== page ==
2. Clarifying Provincial and Federal Responsibilities – In the Impact Statement, the Department of Finance states: “It is desirable and is in the national interest to provide for clear, comprehensive, exclusive, national standards applicable to banking products and banking services offered by banks. The Constitution confers on Parliament exclusive jurisdiction in relation to banking and the incorporation of banks. In this regard, the Bank Act constitutes the complete and exclusive charter applicable to each bank and its products and services.” [Emphasis added.] The Impact Statement further acknowledges the existing consumer protection measures that have been implemented stating: “Existing legislation, regulations and public commitments afford a framework of consumer protection for consumers of other payment products. However, many of these existing protections do not apply to prepaid payment products.” In light of the first statement, this second statement cannot be viewed as referring to provincial requirements and must be interpreted as referring to federal requirements.

However, provincial consumer protection legislation and regulations promulgated thereunder have recently focused on regulating certain features of gift cards. It is clear in some of the provincial acts and regulations that they do not apply to the prepaid payment products that are the subject of the Regulations. However, not all of the consumer protection legislation and regulation is clear in this regard, particularly where the definition of “gift card” is drafted broadly enough to capture prepaid cards. In light of certain recent developments in the courts, without an express exemption for FRFIs from such provincial legislation and regulation, it could be argued that both the federal and provincial legislation and regulation could apply to FRFIs. In our view, this would create an additional regulatory burden on FRFIs. Accordingly, before moving forward with the Regulations, it would be useful if the federal government were to engage in discussions with the appropriate legislatures to request appropriate measures are taken to clarify that FRFIs (and/or the prepaid payment products) are exempt from the provincial legislative and regulatory obligations in this regard.

Proposed Regulations for Prepaid Payment Products

To summarize the proposed Regulations, they would apply to all FRFIs and would require:

  • Certain disclosure to be provided on the exterior packaging, in writing or over the telephone to any person applying to the FRFI for the product before a prepaid payment product is issued, including:
    • the name of the FRFI, a toll-free number to call for inquiries on the products terms and conditions, and restrictions on the use of the product imposed by the FRFI;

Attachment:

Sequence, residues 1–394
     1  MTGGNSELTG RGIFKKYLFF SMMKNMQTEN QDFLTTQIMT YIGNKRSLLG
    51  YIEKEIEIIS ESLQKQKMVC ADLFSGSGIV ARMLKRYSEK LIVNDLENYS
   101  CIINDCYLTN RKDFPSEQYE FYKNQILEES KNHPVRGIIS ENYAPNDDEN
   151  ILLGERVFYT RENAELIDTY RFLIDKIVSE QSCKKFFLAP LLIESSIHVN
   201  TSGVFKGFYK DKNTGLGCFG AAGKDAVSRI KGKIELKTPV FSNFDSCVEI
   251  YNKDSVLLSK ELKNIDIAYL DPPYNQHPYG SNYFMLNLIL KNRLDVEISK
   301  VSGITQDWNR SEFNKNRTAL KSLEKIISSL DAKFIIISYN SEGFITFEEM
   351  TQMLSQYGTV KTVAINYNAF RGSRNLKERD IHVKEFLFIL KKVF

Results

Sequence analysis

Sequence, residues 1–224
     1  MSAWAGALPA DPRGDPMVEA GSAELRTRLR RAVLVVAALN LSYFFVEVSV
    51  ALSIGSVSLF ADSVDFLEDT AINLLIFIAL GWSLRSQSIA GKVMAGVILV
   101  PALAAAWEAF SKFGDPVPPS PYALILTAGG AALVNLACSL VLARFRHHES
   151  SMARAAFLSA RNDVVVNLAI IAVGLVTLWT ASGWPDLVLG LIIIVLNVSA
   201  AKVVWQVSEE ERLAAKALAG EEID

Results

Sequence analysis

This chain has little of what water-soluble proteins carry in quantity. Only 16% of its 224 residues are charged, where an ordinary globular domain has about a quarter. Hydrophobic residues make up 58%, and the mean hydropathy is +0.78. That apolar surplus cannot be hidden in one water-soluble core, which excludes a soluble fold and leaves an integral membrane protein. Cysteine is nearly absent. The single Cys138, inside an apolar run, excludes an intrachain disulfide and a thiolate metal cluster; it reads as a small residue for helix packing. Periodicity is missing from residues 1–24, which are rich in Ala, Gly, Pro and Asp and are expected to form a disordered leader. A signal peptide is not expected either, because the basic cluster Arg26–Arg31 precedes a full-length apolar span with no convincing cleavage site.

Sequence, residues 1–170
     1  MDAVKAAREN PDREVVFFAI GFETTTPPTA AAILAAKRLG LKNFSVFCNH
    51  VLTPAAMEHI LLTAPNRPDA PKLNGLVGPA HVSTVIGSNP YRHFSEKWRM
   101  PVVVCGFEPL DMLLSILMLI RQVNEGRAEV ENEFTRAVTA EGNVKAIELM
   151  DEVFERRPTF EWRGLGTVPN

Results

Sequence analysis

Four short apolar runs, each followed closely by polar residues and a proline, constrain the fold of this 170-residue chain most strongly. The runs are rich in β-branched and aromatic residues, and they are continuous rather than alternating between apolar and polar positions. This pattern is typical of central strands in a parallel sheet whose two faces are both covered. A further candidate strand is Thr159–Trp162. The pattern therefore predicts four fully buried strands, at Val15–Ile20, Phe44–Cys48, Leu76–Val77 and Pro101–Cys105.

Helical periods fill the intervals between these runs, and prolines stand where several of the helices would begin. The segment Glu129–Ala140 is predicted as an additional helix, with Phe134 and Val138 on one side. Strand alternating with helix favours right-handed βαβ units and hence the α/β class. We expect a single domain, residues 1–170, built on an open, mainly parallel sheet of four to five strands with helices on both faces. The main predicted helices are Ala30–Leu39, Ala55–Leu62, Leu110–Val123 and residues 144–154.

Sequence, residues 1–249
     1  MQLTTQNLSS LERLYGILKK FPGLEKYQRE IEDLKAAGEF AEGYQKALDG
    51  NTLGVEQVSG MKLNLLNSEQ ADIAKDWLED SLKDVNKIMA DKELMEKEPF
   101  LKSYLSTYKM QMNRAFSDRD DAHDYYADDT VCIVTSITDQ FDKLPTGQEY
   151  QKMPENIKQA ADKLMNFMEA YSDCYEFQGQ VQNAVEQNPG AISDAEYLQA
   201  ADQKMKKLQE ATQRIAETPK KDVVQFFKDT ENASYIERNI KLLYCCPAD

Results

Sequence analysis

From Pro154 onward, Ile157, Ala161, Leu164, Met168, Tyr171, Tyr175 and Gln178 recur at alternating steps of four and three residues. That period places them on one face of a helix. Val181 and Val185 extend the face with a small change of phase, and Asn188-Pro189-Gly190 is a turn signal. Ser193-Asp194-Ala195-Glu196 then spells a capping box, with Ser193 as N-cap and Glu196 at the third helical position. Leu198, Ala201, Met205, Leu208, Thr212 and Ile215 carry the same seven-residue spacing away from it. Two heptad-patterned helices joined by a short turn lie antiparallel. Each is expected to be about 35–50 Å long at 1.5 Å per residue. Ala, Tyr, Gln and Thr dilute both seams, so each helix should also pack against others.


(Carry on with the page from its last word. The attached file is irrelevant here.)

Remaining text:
• all fees imposed by the FRFI, which, unless application is made over the telephone, must be presented in an information box and appear prominently on any exterior packaging or other document that the FRFI prepares;
    • where applicable, a statement indicating that the funds located on the product are not insured by the Canadian Deposit Insurance Corporation; and
    • a statement that the holder’s right to use the funds will expire (which is only permitted in the case of a promotional product) or that the funds will not expire.
  • Certain additional disclosure (further detailed in the Regulations) is to be provided upon issuance of the prepaid payment product:
    • to a natural person (i.e. an individual or consumer) who is issued or becomes responsible for charges by accepting or using the product; and
    • to a person other than a natural person (i.e. a business) that is issued or becomes responsible for charges by accepting or using the product.
  • Certain information (further detailed in the Regulations) to be provided directly on the prepaid payment product or, where the product is electronic, by disclosing it electronically if the product holder makes such request.
  • All disclosure to be made and presented in a manner that is clear, simple and not misleading.

The proposed Regulations would also limit certain business practices that could be detrimental to product holders. For example, the proposed Regulations prohibit the funds that are loaded on a prepaid payment product from expiring and prohibit maintenance or dormancy fees within the first year of activating the card, unless the product is a promotional product. In addition, where a product is issued to a consumer, advance notice of fee increases or new fees will be required. Finally, the proposed Regulations would prohibit overdraft fees and interest charges in respect of a prepaid payment product without the express consent of the product holder.

Comment Period

This announcement delivers on the federal government’s promise to take action and develop measures to enhance the consumer protection framework with respect to payment network-branded prepaid cards which it made in the Budget 2011. The proposed Regulations were made available in the Canada Gazette on October 26, 2012, for a 30-day comment period.